SREL Reprint #2143





Cytonuclear lntrogressive Swamping and Species Turnover of Bass After an Introduction

J. C. Avise, P. C. Pierce, M. J. Van Den Avyle, M. H. Smith, W. S. Nelson, and M. A. Asmussen

Species-specific RFLP markers from mitochondrial DNA (mtDNA) were identified and employed in conjunction with previously reported data for nuclear allozyme markers to examine the genetic consequences of an artificial introduction of spotted bass (Micropterus punctulatus) into a north Georgia reservoir originally occupied by native smailmouth bass (M. dolomieui). The cytonuclear genetic data indicate that within 10-15 years following the unauthorized introduction, a reversal in these species' abundances has occurred and that more than 99% of the population sample analyzed here consists of spotted bass or products of interspecific hybridization. This demographic shift, perhaps ecologically or environmentally mediated, has been accompanied by introgressive swamping; more than 95% of the remaining smailmouth bass nuclear and cytoplasmic alieles are present in individuals of hybrid ancestry. Dilocus cytonuclear disequilibria were significantly different from zero, with patterns indicative of an excess of homospecific genetic combinations (relative to expectations from single-locus alielic frequencies) and a disproportionate contribution of smailmouth bass mothers to the hybrid gene pool. Results document dramatic genetic and demographic changes following the human-mediated introduction of a normative species.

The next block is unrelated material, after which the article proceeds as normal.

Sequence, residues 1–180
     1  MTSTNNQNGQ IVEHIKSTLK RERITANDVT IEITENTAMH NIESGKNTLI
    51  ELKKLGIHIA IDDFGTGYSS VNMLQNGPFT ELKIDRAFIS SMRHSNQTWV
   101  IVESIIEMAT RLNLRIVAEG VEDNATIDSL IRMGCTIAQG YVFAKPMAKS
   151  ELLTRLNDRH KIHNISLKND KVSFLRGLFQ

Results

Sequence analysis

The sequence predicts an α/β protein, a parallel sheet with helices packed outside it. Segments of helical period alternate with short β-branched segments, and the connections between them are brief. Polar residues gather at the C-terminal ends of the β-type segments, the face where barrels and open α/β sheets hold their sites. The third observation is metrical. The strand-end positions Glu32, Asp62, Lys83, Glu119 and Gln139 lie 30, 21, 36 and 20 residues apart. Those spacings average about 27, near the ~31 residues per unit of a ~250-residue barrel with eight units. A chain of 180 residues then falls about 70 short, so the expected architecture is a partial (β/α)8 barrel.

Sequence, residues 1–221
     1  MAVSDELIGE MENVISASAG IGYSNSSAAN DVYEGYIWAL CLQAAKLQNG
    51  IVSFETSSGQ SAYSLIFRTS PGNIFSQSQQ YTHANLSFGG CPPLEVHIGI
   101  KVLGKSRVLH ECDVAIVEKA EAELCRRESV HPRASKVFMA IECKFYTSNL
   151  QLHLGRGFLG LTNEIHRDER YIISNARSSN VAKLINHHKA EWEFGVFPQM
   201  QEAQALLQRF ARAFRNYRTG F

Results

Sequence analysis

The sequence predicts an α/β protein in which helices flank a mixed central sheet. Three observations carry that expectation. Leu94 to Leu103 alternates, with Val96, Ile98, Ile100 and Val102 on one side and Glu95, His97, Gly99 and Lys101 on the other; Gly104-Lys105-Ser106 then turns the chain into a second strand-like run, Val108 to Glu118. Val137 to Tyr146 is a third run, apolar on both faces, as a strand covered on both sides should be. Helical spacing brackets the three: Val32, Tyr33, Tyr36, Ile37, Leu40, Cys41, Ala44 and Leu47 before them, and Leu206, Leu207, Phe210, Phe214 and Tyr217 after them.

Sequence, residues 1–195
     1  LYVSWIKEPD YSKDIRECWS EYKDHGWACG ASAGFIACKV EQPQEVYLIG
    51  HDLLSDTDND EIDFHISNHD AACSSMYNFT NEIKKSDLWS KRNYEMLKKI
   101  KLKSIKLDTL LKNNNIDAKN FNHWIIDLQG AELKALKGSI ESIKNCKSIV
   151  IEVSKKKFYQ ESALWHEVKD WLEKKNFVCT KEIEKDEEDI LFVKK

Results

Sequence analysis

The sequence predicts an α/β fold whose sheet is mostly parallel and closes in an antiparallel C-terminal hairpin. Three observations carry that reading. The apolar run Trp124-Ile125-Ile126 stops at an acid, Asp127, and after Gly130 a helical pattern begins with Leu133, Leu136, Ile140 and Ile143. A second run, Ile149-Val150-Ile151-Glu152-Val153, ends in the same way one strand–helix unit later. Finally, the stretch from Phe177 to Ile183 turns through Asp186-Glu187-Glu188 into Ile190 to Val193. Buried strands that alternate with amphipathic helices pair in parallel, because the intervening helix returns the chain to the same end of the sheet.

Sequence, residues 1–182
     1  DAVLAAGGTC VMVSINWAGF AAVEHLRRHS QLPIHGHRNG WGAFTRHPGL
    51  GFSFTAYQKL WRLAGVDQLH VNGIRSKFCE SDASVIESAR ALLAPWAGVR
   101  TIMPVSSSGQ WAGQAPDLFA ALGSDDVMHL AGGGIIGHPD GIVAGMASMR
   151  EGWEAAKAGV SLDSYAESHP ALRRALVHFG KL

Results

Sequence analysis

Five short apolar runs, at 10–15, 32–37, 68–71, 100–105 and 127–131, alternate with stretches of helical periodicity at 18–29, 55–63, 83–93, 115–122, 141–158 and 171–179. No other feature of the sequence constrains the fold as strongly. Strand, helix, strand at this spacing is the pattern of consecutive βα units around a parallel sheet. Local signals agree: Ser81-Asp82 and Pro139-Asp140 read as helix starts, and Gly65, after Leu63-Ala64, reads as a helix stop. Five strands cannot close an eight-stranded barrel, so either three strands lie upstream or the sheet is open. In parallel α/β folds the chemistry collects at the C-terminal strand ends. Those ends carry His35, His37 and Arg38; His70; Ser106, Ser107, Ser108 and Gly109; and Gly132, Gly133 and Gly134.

SREL Reprint #2143

Avise, J.C., P.C. Pierce, M.J. Van Den Avyle, M.H. Smith, W.S. Nelson, and M.A. Asmussen. 1997. Cytonuclear introgressive swamping and species turnover of bass after an introduction. Journal of Heredity 88:14-20.

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